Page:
If you see the water do this, get out fast. If you don’t, you might get caught in a riptide. What are the warning signs? And which direction should you swim if you want to survive? Every year, beach lifeguards rescue tens of thousands of people. Four out of five times, it’s from these rip currents, also called riptides.
You can avoid them. Keep track of suspiciously calm areas between the waves, and watch different colors in different spots. This could indicate that a riptide is churning up sand, sediment and seaweed. But what are they? Rip currents are strong, narrow channels of fast-moving water flowing directly away from the shore.
If you get caught in one, you’ll be pulled out into the lake or ocean, further and further from shore. They can form anytime. When waves crash into the shoreline or a sandbar, it could concentrate the current. As the incoming water rushes back out to sea, it could create a powerful rip current. Your sunny day is about to turn into a living nightmare scenario that could kill you.
One moment you’re splashing about, enjoying the water. The next, you’re knocked off your feet. And the water’s dragging you away from the shore. If you lose your balance, the current could pull you down along the bottom. This is rare. But if it happens, the best thing you could do is relax your body. That will help you come back to the surface.
Typically, rip currents move at speeds up to 0.6 m/s (2 ft/s), but some have traveled at 2.5 m/s (8 ft/s). And unfortunately, you’re caught in a quick one. Within seconds, you’re 12 m (40 ft) away from the shore. And with each second, the current will pull you further away. Your first instinct would be to begin swimming back to shore, but that would waste your time and energy.
Even an Olympic swimmer would struggle to swim against a current this fast. If you aren’t a strong swimmer and you keep fighting the current, you’d feel exhausted and risk drowning. And it’d be hard to breathe. The rip current would be pulling you under the surface. And then, I’m sorry to say, it would be game over for you. But luckily, you’re watching this video.
So if you get caught in this life-threatening situation, you’ll know what to do. The best thing would be to relax. Don’t fight against the powerful current. Instead, swim away from it on a 90-degree angle, parallel to the shoreline. That wouldn’t get you any closer to safety, would it? Surprisingly, it would. Eventually, you’d swim to a place where the current weakens and stops pulling you outward.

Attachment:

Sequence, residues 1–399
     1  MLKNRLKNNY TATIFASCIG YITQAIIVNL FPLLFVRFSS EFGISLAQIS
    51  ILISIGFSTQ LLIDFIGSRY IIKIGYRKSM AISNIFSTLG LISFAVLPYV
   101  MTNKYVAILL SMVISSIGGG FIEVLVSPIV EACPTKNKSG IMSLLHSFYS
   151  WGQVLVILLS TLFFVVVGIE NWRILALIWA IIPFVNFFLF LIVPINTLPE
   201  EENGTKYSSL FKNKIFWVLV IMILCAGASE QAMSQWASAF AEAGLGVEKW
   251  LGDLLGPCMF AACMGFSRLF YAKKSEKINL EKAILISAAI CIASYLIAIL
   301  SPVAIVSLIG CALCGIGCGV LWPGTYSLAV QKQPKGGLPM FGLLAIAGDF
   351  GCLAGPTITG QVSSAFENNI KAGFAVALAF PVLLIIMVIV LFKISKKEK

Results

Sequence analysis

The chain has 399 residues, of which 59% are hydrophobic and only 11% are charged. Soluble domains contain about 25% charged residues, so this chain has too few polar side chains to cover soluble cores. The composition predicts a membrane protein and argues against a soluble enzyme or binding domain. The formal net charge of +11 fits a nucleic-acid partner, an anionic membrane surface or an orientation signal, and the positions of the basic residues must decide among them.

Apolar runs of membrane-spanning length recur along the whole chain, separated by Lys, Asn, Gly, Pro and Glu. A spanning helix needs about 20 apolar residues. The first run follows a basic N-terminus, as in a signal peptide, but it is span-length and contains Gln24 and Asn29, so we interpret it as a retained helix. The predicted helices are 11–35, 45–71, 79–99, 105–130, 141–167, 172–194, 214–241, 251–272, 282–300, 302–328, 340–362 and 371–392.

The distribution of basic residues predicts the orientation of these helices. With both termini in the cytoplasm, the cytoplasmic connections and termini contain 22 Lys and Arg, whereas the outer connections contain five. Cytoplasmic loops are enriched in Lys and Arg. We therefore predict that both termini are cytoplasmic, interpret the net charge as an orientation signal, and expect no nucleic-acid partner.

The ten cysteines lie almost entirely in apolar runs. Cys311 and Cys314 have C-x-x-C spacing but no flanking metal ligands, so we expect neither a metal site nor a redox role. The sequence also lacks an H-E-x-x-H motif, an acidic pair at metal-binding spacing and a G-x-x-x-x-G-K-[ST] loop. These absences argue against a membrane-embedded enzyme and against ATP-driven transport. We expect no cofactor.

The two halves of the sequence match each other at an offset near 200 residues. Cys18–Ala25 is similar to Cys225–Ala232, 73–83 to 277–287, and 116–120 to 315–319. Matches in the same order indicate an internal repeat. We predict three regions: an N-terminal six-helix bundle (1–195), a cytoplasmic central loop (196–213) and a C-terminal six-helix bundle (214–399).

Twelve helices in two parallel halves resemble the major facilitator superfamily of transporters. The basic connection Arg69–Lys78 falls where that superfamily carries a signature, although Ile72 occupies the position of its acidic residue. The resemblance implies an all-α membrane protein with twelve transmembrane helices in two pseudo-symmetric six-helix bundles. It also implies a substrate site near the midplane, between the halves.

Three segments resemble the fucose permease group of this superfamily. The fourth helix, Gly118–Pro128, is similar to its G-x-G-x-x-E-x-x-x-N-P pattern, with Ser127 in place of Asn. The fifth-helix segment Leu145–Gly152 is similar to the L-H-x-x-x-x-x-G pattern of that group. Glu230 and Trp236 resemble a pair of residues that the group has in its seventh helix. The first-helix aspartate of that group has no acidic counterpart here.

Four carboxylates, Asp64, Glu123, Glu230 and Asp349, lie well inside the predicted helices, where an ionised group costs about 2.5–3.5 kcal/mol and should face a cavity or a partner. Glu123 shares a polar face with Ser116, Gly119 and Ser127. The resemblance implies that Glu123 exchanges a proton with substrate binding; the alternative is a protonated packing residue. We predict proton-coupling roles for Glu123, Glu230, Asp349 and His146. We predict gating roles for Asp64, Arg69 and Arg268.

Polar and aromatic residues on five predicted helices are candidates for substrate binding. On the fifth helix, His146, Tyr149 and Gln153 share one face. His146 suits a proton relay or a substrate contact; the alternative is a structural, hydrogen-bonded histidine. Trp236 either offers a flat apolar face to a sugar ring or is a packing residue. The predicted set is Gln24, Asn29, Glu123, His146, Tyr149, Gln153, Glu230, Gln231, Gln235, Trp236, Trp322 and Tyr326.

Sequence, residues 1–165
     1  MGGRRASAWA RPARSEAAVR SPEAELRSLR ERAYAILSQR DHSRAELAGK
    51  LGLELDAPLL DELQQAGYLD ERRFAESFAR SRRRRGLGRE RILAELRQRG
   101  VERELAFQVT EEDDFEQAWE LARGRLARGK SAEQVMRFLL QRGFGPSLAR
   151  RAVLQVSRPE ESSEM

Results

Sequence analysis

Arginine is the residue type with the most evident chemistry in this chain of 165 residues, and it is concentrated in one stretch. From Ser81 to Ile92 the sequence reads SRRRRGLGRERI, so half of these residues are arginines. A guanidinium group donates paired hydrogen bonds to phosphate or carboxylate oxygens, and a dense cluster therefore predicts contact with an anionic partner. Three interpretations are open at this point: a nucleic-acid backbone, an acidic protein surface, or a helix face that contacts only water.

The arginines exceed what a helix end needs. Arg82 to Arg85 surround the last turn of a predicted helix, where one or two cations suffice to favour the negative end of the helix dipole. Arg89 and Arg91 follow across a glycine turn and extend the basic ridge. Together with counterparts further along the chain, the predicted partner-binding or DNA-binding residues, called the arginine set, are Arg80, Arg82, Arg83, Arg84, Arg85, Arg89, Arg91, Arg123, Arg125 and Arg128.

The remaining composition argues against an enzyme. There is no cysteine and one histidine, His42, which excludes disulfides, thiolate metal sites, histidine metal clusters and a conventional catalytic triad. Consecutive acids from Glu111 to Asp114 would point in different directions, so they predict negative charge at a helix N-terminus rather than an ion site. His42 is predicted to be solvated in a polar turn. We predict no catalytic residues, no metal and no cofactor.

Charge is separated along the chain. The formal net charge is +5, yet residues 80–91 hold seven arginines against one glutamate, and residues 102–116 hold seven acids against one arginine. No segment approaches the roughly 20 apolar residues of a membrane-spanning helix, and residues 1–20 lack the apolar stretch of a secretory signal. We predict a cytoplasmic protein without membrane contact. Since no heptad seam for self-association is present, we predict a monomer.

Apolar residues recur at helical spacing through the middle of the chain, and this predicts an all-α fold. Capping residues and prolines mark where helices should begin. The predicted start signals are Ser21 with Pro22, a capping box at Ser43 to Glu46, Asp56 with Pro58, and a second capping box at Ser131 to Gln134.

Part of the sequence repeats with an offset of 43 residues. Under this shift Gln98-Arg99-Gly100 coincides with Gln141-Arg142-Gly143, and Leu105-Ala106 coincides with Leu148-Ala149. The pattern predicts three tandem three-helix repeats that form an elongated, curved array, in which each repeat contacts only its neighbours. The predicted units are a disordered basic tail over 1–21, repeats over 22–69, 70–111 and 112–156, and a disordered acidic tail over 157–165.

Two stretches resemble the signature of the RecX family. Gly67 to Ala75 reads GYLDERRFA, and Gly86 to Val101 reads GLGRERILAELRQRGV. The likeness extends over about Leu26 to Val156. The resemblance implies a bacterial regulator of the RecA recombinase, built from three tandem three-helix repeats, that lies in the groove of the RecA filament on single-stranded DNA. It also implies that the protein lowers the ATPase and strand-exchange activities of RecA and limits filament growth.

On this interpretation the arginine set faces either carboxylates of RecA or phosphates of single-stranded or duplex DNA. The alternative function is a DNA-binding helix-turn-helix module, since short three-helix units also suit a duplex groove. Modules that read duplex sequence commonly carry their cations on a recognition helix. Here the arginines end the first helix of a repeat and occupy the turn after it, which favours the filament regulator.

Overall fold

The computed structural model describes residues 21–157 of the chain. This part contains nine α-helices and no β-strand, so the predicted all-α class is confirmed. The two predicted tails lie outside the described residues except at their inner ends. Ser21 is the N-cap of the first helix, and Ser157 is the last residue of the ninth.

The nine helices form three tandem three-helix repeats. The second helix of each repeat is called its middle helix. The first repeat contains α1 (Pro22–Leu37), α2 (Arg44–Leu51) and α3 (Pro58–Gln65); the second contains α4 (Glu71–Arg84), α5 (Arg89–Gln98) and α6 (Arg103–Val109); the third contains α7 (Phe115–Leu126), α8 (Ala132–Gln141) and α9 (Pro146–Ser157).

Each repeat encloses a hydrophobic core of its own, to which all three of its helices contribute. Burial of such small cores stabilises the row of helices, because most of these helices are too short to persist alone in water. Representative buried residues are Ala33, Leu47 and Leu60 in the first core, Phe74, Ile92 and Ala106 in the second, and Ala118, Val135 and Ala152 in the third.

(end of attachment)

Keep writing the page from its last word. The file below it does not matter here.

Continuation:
Generally, riptides are only about 25 m (80 ft) in width. If you don’t struggle directly against the water’s flow, you likely won’t have to swim too much to escape the current. Now, you’re free from the powerful moving water, so you should be able to swim back to shore. Or you could try to regain your strength by floating on your back. If you can do it, this would also be a good time to call or wave for help from a lifeguard.
Once back on shore, you’d feel happy that you cheated death. But the danger wouldn’t be over just yet. Within 48 hours, you could have a condition called pulmonary edema. While you were struggling in the rip current, you could have inhaled some water. It could have reached your lungs and irritated their inner linings.
Then fluids may begin building up, which could make it difficult to breathe. You could start coughing, feel sluggish and have chest pain. Your body would be depriving itself of oxygen. If you weren’t able to get to a hospital soon, your lack of oxygen could lead to permanent brain damage. Or worse, death.
But now that you know the best method to escape a riptide, you’ll be less likely to struggle against the rip current. You might even spot the riptide before you go in the water. The best tip could be to avoid the most dangerous beaches. They include Mexico’s Playa Zipolite, known as “The Beach of the Dead”. And at Hawaii’s Hanakapiai Beach, over 83 people have drowned in the powerful rip currents.
- “What Is A Rip Current?”. 2022. oceanservice.noaa.gov.
- “Survivor Stories”. 2022. weather.gov.
- “Rip Currents – Currents: NOAA’s National Ocean Service Education”. 2022. oceanservice.noaa.gov.
- “How Rip Currents Work”. Tom Harris. 2001. science.howstuffworks.com.
- “Ask The Expert: What Is Secondary Drowning | Banner Health”. 2022. bannerhealth.com.